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When a container or vessel has reached its volumetric capacity before its permitted weight limit.



Related Terms

TWENTY FOOT EQUIVALENT UNIT

A unit of measurement equal to the space occupied by a standard twenty foot container. Used in stating the capacity of container vessel or storage area. One 40 ft. Container is equal to two TEU's.

TWENTY-FOOT EQUIVALENT UNIT

Container size standard of twenty feet. Two twenty-foot containers (TEUs) equal one FEU. Container vessel capacity and port throughput capacity are frequently referred to in TEUs.

TEU

A unit of measurement equal to the space occupied by a standard twenty foot container. Used in stating the capacity of container vessel or storage area. One 40 ft. Container is equal to two TEU's.

FULL SHIPLOAD LOT

The amount of cargo a vessel carries or is able to carry. Practically, it is the amount of cargo which induces the specific voyage. While the cargo lot may take up the majority of the vessel's space or tonnage capacity, it does not require a vessel's volume and weight capacity to be fully utilized.

CONTAINER TERMINAL

A specialized facility where ocean container vessels dock to discharge and load containers, equipped with cranes with a safe lifting capacity of 35-40 tons, with booms having an outreach of up to 120 feet in order to reach the outside cells of vessels. Most such cranes operate on rail tracks and have articulating rail trucks on each of their four legs, enabling them to traverse along the terminal and work various bays on the vessel and for more than one crane to work a single vessel simultaneously. Most terminals have direct rail access and container storage areas, and are served by highway carriers.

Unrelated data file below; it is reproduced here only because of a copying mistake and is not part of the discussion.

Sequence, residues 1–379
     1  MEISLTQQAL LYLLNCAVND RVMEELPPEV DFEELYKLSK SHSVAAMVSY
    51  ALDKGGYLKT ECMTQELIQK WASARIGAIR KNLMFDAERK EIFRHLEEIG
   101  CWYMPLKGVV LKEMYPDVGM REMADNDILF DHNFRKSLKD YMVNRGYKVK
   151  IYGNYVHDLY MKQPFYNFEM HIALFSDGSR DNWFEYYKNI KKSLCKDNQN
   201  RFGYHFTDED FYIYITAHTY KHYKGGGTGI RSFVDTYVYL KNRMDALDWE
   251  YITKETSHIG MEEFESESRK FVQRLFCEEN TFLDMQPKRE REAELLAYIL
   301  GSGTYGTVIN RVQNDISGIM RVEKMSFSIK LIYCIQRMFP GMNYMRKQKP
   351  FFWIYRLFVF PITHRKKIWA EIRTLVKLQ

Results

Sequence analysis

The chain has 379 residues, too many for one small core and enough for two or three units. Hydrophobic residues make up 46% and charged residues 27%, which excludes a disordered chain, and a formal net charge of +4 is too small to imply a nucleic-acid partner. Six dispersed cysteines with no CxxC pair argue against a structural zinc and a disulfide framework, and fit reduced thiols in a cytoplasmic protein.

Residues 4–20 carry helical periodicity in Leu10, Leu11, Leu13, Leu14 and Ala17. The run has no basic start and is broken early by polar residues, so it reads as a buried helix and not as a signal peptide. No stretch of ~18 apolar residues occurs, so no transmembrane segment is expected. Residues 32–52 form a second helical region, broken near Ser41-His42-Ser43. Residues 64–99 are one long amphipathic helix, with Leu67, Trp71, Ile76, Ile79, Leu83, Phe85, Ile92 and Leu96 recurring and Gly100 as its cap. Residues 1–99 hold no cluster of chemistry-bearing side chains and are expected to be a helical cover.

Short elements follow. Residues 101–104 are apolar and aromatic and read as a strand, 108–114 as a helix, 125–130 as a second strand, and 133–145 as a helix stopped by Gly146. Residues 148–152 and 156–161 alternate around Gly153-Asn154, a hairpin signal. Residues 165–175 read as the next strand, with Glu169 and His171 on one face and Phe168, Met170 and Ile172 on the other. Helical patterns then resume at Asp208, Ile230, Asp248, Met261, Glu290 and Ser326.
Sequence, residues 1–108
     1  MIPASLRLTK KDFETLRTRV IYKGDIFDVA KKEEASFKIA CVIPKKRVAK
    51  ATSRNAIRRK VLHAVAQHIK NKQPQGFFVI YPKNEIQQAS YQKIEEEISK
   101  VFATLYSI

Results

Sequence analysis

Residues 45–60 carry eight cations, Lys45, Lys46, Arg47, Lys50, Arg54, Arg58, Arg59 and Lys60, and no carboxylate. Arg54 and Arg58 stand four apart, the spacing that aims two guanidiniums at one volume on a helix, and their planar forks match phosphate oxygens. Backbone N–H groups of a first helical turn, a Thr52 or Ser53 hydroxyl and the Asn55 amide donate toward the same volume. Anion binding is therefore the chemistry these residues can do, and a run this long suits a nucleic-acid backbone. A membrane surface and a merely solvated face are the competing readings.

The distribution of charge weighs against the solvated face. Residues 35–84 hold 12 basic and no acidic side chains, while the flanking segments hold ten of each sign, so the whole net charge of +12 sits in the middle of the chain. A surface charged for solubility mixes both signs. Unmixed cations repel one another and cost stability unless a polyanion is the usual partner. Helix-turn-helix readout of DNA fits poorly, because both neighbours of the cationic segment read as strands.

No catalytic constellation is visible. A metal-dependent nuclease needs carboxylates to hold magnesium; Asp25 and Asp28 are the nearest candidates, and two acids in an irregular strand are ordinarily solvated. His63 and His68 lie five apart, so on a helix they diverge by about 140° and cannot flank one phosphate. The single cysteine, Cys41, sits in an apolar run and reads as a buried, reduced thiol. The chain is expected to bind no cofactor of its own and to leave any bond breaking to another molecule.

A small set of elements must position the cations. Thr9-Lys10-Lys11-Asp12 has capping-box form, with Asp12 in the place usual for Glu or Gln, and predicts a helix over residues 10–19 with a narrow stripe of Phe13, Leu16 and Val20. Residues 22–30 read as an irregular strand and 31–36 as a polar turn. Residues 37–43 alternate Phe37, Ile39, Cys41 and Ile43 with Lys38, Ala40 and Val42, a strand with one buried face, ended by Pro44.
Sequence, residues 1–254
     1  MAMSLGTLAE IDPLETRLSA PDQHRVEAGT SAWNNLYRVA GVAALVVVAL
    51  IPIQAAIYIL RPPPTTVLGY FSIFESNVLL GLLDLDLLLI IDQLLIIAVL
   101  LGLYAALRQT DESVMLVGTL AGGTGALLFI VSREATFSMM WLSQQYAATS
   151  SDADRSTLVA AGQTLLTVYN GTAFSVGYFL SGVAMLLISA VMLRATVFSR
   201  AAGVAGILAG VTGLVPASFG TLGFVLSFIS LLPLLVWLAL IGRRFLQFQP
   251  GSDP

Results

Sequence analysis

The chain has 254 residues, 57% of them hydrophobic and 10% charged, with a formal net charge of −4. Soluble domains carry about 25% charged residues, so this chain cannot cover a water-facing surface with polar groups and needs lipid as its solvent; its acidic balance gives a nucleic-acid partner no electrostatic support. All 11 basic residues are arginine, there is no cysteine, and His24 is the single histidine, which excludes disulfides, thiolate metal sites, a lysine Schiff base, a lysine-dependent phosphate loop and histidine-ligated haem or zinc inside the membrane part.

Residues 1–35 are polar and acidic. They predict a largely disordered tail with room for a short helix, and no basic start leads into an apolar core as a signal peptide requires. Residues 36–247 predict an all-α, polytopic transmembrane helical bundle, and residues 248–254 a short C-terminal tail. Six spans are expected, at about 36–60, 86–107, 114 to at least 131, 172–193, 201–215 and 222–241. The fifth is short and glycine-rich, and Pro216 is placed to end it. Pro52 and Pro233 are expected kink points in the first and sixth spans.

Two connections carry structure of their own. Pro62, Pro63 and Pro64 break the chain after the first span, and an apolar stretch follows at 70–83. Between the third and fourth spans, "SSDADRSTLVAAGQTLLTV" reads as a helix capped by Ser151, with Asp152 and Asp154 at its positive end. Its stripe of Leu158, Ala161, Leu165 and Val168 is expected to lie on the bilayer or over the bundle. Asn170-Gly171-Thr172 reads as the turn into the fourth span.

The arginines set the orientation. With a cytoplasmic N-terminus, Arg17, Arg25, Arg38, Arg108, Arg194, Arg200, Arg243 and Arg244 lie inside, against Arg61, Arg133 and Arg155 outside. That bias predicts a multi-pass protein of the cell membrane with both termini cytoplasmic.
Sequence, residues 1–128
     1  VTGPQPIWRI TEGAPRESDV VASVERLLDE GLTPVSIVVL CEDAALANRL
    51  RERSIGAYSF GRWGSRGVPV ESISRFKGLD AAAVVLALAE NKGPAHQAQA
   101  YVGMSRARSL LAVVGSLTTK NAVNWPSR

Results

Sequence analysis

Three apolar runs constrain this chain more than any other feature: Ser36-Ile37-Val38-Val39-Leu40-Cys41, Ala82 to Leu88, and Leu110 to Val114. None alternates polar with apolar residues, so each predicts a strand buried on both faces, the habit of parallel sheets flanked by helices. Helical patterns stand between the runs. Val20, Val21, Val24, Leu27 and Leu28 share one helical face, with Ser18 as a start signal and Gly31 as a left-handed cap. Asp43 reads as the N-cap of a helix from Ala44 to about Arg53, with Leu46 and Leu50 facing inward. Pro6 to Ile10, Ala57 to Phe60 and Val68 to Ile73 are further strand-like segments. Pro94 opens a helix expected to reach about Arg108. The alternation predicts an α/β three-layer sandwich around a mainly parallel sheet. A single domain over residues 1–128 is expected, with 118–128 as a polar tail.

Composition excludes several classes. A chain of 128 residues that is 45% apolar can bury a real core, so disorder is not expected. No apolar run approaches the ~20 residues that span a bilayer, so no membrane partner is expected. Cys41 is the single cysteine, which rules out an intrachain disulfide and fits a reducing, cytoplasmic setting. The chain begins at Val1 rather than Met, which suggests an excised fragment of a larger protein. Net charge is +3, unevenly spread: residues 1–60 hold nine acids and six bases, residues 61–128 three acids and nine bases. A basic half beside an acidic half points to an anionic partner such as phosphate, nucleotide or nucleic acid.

DWAT

A common measure of ship carrying capacity. The number of tons (2240 lbs.) of cargo, stores and bunkers that a vessel can transport. It is the difference between the number of tons of water a vessel displaces 'light' and the number of tons it displaces 'when submerged to the 'deep load line'.' A vessel's cargo capacity is less than its total deadweight tonnage. The difference in weight between a vessel when it is fully loaded and when it is empty (in general transportation terms, the net) measured by the water it displaces. This is the most common, and useful, measurement for shipping as it measures cargo capacity.

HANDY MAX

A dry bulk vessel size class of 35000-50000 tons DWT. They are popular for their nearly universal capability and flexibility of carrying capacity and shallow draft (less than 12 meters or 39 feet).

DWCC

Vessel carrying capacity viz. fuel, water, crew based on 224O lbs per deadweight ton

DRUM

A container with a capacity of 55 U.S. gallons.

DEADWEIGHT

The total weight in tons (2240 lb.) that a ship carries on a specified draft including fuel, water in tanks, cargo, stores, passengers, baggage, crew and their effects, but excluding the water in the boilers. It is the difference in weight between a vessel when it is fully loaded and when it is empty measured by the water it displaces.

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